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What farmers say

By Vision Reporter

Added 27th September 2010 03:00 AM

Can we create artificial swamps?
Editor — I have noticed that whenever I am driving through a swamp there are huge chunks of land being cleared to grow yams. The assumption is that yams can only be grown in swampy conditions.
Besides destroying the environment, the yams grown in urban swamps like Nakivubo and Bwaise are not healthy for human consumption as they contain a lot of poisonous material.
Can’t these swampy conditions be recreated elsewhere to save our precious environment? After all, today fish farming is being carried out in artificial conditions indoors. Why not yams? Agricultural experts please help us!
Concerned environmentalist
James Okwakol,

Since it is now possible to even grow crops without soil, then it should be possible to create swamp-like conditions which can support yams or even a variety of yams that can be grown on dry land (upland yams). It is up to our researchers to get down to work to save our swamps.

Advice on record keeping was spot on
Editor — This is to thank you for bringing us the Harvesting Money pullout. I find it informative. It brings together ordinary people who have made it in farming to encourage others to join the sector.
I am particularly impressed by Roger Kyeyune’s advice about record keeping in last week’s Harvest Money. I hope to share the advice with other people who are engaged in agriculture and want to give up because they cannot sustain their farms.
Bravo brother Kyeyune!
Annette Nakitende,

Who will save us from floods?
Editor – Three years ago, residents of Teso and some parts of Lango made a lot of losses after their crops were either washed away or rotted on the farms because of flooding. The same flooding is now back in full swing. Already, we have lost lots of food, since tubers are rotting away. When the flooding affected us in 2007, we were told that it would not return with the same force again. We were told that the Government would help us trap this water by digging dams across the region. This was not done and we are back to square one. My question is who will ever save us from this nightmare?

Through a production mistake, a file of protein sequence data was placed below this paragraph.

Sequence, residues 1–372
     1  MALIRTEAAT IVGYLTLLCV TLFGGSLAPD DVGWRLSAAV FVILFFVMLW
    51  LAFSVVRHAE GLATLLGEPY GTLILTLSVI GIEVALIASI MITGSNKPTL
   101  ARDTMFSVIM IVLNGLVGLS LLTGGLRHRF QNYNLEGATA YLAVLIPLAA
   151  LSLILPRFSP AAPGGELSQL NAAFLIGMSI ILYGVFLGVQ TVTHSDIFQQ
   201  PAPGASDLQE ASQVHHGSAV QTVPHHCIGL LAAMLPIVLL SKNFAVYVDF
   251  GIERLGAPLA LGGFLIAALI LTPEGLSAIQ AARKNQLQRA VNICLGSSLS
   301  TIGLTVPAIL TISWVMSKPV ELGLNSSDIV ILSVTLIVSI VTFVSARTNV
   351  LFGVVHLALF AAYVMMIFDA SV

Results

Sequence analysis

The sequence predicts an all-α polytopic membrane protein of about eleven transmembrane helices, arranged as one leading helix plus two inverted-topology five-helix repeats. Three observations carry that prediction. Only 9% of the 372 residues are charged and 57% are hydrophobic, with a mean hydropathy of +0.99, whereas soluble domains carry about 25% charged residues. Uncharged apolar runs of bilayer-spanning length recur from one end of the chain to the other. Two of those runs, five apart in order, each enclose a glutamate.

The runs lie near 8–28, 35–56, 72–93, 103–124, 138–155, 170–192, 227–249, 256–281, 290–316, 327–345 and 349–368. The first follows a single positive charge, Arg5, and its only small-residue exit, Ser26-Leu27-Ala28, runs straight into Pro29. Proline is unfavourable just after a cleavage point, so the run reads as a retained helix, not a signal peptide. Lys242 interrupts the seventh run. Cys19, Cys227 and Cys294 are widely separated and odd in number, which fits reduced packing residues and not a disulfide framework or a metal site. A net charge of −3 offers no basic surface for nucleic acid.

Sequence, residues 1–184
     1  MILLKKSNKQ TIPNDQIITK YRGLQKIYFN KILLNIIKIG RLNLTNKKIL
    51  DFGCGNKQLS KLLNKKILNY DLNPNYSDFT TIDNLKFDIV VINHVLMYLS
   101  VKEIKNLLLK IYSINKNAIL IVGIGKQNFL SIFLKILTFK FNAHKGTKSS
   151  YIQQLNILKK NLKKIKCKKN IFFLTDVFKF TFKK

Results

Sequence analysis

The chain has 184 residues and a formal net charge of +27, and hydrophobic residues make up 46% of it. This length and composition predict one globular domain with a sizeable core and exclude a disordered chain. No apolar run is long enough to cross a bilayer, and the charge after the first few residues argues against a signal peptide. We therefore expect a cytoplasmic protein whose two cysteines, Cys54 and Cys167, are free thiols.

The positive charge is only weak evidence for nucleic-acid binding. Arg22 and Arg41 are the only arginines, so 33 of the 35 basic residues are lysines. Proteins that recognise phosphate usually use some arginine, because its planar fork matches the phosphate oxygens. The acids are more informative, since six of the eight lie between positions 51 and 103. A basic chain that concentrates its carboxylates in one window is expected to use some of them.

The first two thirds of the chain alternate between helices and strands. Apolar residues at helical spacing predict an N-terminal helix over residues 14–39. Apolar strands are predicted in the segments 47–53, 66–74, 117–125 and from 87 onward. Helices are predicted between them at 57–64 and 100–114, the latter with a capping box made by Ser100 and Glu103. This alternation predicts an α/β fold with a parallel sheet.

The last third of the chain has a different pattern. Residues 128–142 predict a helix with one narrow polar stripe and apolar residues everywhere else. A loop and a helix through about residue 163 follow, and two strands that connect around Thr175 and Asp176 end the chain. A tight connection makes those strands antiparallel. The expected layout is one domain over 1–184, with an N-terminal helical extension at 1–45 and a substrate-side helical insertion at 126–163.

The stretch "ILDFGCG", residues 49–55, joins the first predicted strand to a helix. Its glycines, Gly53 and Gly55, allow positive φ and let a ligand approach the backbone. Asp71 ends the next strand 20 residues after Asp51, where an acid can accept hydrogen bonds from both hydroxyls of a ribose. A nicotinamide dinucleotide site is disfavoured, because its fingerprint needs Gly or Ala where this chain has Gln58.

John Micheal Eresu,

Lira farmers, please unite
EDitor — As a result of the low supply of rice two years ago, which prompted rice prices to rise as high as sh2,500 per kilo, many people in Lango decided to grow rice last year.
There was a lot of investment in the various rice projects and the production subsequently shot up. However, there is now one problem.
Farmers cannot find a market for their produce. In Lira alone, farmers are stuck with over 400 tonnes of rice.
My advice to these farmers is they should unite if they are to get better markets. When they put together the 400 tonnes as a group, it may be easy for buyers to come from as far as Sudan, Kenya or DRC to buy the produce in bulk.
Henry Ocen,
Owino Market, Lira

Diversify to reap benefits
Editor — I grew up in a sugarcane growing area of Busoga and my parents were sugarcane outgrowers. I saw how we used to suffer with hunger since most of our land was covered with sugarcane plantations and we could not grow enough food for consumption.
It is not bad to grow sugarcane for the sugar factories, but it is not good either to depend only on sugar cane for survival.
People in the sugarcane growing areas must diversify and leave space for growing food.
I think this must also be the message from the sugar factories because I doubt if an hungry population will produce enough sugarcane. for them.
Joachim Magumba, Iganga

What farmers say

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